What Does Having It All Mean to YOU?
So, back to the original question… can women have it all? Can you maintain a career, family, good health and a stable relationship all at the same time? Again, I say an emphatic YES. But you have to know what that looks like for you. What makes your career satisfying? What are the most important aspects of your relationship with your children? How much time do you need to focus on your partner? How can you take care of yourself?
One thing I want to add is that we, as women, must support one another in whatever we each choose. Every woman’s choices and definition of balance are unique and require no judgment from us. Stay at home mom, career woman with a family, childless by choice, single parents – they’re all okay!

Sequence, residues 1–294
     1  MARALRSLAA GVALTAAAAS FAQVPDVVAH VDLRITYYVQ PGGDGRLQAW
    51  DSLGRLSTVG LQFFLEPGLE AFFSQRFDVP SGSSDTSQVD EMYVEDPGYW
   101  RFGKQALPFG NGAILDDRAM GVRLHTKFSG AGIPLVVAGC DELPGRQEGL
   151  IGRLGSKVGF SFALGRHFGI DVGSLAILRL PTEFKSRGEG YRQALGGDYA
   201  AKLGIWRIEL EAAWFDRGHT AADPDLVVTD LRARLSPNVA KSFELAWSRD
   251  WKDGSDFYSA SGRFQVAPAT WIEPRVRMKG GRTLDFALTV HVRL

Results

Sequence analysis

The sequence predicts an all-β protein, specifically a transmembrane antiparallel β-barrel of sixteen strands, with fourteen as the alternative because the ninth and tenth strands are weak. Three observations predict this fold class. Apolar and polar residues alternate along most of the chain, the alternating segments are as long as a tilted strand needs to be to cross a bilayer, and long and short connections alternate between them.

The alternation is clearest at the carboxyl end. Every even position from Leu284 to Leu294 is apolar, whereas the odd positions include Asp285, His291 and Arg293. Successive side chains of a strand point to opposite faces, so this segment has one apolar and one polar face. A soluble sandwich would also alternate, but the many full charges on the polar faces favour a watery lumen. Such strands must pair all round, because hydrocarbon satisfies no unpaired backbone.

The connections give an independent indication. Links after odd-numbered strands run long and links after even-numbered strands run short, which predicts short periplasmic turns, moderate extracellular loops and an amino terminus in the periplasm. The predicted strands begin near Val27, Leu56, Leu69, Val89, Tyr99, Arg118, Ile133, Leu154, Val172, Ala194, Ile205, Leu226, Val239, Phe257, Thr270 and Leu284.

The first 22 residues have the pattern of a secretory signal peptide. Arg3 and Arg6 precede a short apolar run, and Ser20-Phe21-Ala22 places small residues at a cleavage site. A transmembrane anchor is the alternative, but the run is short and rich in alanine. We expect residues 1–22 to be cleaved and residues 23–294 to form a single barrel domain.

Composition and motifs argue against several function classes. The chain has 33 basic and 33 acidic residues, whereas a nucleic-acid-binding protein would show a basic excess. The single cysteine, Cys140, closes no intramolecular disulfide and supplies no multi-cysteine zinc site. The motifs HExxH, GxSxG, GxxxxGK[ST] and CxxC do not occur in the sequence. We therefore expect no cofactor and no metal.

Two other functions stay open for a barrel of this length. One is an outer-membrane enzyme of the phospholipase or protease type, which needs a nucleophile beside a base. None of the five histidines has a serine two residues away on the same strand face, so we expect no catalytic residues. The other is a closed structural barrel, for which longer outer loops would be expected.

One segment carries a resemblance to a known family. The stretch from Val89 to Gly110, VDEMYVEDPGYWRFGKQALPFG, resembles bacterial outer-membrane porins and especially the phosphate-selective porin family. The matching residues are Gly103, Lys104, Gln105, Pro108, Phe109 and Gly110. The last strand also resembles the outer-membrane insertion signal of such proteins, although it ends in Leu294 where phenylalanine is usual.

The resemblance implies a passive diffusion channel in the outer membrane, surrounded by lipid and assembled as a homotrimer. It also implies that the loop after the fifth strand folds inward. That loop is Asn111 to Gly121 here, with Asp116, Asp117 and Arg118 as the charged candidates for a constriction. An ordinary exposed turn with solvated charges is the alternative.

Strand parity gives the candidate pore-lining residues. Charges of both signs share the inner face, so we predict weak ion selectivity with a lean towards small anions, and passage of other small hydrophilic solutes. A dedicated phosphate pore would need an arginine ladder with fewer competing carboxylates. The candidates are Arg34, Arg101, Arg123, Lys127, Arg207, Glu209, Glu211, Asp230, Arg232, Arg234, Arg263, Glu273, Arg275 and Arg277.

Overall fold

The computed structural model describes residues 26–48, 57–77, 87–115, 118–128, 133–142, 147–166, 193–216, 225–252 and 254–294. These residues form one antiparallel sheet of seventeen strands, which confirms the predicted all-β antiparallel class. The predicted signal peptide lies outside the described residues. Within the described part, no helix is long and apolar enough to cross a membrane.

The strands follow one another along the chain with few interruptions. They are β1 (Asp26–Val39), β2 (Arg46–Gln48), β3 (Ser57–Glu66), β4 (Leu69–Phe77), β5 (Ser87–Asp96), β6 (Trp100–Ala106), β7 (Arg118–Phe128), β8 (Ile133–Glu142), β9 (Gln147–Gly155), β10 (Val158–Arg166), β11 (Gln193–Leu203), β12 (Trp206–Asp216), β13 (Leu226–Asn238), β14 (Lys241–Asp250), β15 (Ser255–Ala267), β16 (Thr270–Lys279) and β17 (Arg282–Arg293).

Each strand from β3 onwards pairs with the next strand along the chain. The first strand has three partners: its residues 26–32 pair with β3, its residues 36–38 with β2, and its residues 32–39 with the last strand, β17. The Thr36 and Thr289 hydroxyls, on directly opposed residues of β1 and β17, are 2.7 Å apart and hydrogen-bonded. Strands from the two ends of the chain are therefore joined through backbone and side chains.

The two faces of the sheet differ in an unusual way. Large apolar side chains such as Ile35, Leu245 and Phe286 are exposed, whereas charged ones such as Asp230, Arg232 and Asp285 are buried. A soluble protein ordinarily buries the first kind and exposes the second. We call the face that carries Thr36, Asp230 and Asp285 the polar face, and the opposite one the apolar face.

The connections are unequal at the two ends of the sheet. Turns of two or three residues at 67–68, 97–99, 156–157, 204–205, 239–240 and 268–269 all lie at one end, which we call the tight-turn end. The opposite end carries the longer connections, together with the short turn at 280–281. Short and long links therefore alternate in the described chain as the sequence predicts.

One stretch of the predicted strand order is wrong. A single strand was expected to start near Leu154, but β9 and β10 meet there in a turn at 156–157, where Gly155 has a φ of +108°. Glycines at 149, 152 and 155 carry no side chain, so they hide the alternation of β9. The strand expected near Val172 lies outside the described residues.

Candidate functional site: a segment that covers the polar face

Remember that friend I mentioned in the beginning of this piece? She graduated with a 4.0 from her master’s degree program, has started her own business where she controls the schedule, has a very close bond with her children and spouse, and is happier than ever! She’s a shining example of having it all – by her definition.
There are so many roads we can take. And the only person who can determine that you’ve found the right balance is YOU!
Knight, Sarah. 2017. You Do You. New York, NY Little, Brown and Company.
Sandberg, Sheryl. 2013. Lean In: Women, Work, and the Will to Lead. New York, NY: Alfred A. Knopf.
Slaughter, Anne-Marie. 2012. Why Women Still Can’t Have it All. The Atlantic, July/August. URL: http://www.theatlantic.com/magazine/archive/2012/07/why-women-still-cant-have-it-all/309020/ .
Reviewed by Dr. Mark Menolascino, MD